-SEMA is an AI developed by Google DeepMind that is trained to accomplish tasks in any simulated 3D environment by using a mouse and keyboard. Its goal is to become an instructible agent capable of doing anything a human can do within such environments.

  • How does SEMA perform on video games?

    -SEMA demonstrates positive transfer across different video games, outperforming environment-specialized agents and showing potential to generalize its skills, even achieving performance levels approaching human capabilities.

  • What is the humanoid robot with GPT-4 Vision capable of?

    -The humanoid robot with GPT-4 Vision can recognize objects and move them appropriately in real-time, using an end-to-end neural network without human control. It shows potential for upgrading to future models like GPT-5 for deeper environmental understanding.

  • What concerns do people have about AI systems like Devon?

    -People are concerned about the implications for jobs, as AI systems like Devon could potentially automate tasks currently performed by humans, leading to an unpredictable job landscape and potential unemployment.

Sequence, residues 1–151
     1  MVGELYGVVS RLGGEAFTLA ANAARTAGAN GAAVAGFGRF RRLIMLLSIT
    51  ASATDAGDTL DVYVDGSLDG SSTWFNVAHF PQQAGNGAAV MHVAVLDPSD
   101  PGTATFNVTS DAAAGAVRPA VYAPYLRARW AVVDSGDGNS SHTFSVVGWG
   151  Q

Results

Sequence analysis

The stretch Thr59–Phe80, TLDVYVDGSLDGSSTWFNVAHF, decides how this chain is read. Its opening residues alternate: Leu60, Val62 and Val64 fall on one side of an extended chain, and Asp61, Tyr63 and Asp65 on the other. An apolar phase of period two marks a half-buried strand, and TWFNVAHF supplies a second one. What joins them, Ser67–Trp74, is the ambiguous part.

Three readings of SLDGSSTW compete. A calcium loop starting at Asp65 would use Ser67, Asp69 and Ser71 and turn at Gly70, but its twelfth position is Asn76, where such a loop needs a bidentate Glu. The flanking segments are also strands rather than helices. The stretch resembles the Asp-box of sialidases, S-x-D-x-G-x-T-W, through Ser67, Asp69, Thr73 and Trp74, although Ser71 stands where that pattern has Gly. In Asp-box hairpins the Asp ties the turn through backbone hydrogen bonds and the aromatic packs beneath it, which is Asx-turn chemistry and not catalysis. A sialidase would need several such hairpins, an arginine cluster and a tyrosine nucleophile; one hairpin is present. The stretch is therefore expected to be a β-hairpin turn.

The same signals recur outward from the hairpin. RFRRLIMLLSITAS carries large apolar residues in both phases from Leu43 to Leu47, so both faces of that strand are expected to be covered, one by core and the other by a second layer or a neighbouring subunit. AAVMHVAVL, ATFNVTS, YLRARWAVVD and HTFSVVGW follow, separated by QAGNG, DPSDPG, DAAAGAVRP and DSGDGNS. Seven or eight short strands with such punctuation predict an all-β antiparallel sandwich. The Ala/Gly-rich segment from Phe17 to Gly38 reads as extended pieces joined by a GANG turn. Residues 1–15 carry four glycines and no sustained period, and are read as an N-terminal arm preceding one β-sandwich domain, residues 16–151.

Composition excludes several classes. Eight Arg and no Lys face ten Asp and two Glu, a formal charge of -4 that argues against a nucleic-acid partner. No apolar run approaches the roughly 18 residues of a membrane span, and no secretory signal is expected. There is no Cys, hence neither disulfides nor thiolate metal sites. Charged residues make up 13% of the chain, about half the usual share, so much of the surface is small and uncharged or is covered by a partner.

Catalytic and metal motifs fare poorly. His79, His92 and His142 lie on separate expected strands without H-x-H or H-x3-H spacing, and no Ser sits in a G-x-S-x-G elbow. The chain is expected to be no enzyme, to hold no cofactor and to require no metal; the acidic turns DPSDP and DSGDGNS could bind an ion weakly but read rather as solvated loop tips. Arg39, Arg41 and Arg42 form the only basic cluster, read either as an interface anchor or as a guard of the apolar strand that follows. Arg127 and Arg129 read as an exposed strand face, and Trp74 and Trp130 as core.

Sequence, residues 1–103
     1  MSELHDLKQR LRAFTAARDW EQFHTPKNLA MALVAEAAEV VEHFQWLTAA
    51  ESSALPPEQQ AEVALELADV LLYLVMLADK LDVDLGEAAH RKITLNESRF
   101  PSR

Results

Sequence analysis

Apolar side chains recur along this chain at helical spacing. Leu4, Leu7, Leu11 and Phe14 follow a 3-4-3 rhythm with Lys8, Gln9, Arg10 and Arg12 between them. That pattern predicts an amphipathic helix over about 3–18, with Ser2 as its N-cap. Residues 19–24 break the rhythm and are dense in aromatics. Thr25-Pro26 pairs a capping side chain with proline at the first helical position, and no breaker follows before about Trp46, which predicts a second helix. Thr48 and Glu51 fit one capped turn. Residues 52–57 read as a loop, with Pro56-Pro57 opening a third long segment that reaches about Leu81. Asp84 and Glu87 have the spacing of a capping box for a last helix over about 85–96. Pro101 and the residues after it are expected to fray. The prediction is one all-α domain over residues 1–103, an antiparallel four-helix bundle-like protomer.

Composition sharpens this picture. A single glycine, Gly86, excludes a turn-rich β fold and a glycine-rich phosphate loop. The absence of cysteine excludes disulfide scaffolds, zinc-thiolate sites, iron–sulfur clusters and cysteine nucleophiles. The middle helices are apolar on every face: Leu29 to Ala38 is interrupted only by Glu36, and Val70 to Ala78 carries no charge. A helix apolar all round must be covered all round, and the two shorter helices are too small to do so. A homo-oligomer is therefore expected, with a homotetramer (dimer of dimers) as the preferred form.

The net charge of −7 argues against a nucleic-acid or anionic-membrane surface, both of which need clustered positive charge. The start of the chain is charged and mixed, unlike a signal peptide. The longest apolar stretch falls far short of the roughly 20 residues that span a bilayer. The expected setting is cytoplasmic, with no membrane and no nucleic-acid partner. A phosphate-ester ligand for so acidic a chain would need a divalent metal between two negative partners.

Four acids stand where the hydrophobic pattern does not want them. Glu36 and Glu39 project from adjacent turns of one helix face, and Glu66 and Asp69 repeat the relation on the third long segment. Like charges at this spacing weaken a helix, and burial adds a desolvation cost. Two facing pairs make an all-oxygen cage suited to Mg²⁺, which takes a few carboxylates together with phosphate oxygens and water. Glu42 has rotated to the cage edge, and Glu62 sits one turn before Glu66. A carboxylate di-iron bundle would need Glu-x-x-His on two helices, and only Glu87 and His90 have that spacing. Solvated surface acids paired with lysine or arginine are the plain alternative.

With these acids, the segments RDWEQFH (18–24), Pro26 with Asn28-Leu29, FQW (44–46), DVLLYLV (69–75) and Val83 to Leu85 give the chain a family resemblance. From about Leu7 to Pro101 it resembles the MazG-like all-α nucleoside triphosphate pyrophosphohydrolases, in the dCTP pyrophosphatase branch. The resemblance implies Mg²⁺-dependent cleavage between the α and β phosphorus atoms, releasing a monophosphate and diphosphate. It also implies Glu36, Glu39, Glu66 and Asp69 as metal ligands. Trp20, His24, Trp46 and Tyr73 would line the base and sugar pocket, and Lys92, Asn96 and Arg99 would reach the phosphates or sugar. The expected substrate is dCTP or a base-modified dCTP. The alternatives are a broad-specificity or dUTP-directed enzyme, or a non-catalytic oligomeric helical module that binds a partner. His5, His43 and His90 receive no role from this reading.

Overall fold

• What is the potential future impact of AI systems on the job market?

    -The future impact of AI systems on the job market is uncertain, but it could lead to the automation of manual labor, making some jobs obsolete. However, there is also optimism for a human economy where AI assists in tasks, and new roles may emerge.

  • How do the developments in AI relate to the concept of Artificial General Intelligence (AGI)?

    -The advancements in AI models like Devon, SEMA, and humanoid robots with GPT-4 Vision bring us closer to AGI, as they demonstrate the ability to perform a wide range of tasks, understand complex environments, and learn from experience across different domains.

  • What is the timeline for the potential arrival of AGI?